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In previous blogs, we have discussed clinical indicators for providing dynamic movement at the hips and knees. Another location dynamic movement can be provided is at the neck through Dynamic head support mounting hardware. Most dynamic options allow movement into neck extension and then facilitate return to an upright and aligned posture. So when is a dynamic head support clinically indicated? 

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Vince is a young adult with the diagnosis of cerebral palsy. He had significant muscle tone throughout his body and frequently extends in his current wheelchair seating system. We were anxious to explore dynamic seating options to diffuse some of this extensor tone. However, Vince had very little hip flexion or extension beyond his current seated position and, as a result, he could not benefit from a dynamic back which allows movement past this point. He had no knee extension past 90 degrees and his range limitations prevented him using even the telescoping feature of a dynamic footrest. We were unsure if we could provide any dynamic intervention when Vince broke yet another head support.

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Seating Dynamics offers 3 Dynamic Seating options – the Dynamic Rocker Back interface, Dynamic Footrests, and Dynamic Head Support Hardware. The last option is available in Single Axis (which moves about 10 degrees posteriorly in midline) and Multi-Axis (which moves about 10 degrees in any direction). The hardware is compatible with a number of manufacturer’s head pads.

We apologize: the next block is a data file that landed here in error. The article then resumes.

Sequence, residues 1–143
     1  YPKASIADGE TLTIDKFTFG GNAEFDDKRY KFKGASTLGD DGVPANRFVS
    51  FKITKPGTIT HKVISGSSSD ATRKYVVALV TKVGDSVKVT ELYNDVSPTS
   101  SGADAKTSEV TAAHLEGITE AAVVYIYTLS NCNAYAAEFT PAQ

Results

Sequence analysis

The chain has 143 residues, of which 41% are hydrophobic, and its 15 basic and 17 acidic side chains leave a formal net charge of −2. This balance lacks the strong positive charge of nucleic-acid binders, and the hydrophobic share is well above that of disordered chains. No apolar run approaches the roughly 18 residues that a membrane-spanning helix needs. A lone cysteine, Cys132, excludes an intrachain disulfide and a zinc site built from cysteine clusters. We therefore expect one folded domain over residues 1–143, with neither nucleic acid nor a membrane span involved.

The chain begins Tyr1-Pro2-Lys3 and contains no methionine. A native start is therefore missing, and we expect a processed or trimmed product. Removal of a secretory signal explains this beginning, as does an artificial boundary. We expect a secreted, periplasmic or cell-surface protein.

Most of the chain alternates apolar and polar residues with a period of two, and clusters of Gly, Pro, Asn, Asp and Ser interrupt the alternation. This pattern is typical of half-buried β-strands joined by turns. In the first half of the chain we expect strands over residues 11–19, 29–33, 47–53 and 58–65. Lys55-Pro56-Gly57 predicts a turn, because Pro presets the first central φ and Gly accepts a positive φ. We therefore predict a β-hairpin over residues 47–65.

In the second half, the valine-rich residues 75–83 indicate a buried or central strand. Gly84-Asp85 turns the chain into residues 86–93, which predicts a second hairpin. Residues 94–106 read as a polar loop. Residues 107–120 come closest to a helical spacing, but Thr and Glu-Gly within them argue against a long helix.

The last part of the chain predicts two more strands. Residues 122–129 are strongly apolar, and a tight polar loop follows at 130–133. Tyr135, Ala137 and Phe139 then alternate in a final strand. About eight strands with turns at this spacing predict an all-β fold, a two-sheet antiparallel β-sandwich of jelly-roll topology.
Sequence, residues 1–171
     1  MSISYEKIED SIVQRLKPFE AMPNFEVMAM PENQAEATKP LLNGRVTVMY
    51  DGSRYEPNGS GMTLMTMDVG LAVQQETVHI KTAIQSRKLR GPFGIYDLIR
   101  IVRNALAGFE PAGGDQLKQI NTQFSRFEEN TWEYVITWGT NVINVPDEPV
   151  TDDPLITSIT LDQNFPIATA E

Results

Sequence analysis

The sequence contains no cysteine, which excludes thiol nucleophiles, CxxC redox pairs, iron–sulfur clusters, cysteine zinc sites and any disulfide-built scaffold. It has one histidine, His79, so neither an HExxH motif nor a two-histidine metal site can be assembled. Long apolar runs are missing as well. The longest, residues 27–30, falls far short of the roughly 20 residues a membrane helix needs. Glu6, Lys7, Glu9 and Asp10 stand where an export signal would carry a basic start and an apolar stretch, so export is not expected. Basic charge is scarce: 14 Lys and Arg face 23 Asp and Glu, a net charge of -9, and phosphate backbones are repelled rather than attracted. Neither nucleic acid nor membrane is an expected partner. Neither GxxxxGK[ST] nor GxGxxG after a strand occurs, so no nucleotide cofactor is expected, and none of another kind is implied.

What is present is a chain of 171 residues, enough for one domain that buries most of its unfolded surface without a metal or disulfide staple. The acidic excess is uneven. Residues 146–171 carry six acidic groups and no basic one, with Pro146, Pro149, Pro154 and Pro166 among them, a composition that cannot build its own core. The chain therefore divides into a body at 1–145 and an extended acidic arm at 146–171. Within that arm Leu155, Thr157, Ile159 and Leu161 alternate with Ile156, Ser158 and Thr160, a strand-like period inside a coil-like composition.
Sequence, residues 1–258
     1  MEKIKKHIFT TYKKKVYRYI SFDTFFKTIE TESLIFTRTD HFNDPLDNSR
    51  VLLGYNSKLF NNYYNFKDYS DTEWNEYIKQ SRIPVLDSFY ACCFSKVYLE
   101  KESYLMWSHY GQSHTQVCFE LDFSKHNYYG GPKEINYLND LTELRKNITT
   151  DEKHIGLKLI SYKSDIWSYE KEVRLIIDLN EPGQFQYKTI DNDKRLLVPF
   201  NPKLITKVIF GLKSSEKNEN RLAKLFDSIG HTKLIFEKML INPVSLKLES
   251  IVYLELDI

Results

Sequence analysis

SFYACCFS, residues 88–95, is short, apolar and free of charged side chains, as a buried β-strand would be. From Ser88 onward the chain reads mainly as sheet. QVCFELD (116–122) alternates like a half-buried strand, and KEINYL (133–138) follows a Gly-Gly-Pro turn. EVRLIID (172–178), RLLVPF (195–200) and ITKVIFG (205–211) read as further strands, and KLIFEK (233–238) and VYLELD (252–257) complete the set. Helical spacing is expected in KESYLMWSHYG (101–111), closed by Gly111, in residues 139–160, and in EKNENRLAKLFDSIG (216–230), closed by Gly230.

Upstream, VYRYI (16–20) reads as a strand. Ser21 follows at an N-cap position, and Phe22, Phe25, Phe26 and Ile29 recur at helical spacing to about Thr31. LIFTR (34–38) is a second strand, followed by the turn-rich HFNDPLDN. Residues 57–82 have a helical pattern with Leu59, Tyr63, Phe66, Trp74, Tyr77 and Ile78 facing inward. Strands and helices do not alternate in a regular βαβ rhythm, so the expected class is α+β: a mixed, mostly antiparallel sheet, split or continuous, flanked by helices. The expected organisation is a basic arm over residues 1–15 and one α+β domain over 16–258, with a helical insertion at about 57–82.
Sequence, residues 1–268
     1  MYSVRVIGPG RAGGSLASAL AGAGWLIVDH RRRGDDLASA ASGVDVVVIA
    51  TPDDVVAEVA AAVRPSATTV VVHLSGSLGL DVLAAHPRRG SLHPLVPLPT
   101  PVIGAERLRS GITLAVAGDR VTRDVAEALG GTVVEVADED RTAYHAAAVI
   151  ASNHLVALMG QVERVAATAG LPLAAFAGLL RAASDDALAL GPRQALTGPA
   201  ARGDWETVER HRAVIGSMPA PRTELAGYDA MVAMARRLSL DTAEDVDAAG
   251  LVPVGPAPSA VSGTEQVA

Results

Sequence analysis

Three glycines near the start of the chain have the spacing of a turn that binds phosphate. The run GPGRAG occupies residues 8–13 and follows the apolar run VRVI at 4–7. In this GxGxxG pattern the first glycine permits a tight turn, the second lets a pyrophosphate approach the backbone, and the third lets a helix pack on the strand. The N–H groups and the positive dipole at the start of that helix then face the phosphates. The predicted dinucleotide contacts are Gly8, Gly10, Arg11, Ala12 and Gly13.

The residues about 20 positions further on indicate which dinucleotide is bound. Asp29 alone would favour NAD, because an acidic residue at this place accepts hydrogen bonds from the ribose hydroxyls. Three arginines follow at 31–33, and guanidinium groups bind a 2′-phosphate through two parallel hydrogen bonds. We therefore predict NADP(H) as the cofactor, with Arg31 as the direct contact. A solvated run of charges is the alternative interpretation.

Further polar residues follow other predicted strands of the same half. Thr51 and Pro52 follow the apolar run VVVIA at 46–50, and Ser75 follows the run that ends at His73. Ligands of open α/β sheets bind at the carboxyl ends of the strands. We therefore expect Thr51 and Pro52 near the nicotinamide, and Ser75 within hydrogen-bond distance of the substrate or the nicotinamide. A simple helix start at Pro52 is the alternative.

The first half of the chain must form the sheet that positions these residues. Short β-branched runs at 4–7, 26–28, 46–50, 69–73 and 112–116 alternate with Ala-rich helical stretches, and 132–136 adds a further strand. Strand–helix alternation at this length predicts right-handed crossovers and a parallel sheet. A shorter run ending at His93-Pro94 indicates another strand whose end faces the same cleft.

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The Dynamic Head Support Hardware absorbs client forces and then returns the client to an upright and neutral head position. The purpose of this dynamic component is to protect the client from harm, prevent the mounting hardware from breaking, and to reduce overall extension tone. This hardware can be used with nearly any head pad to best meet an individual’s needs.

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I see a lot of clients for head positioning in their wheelchair seating system. This requires a thorough seating assessment, as well as providing the best product. Even if I choose what I believe to be the very best head support for a client, I find that maintaining the position of that support is a challenge. I continually find that the hardware has moved, often resulting in a sub-optimal head position for the client.

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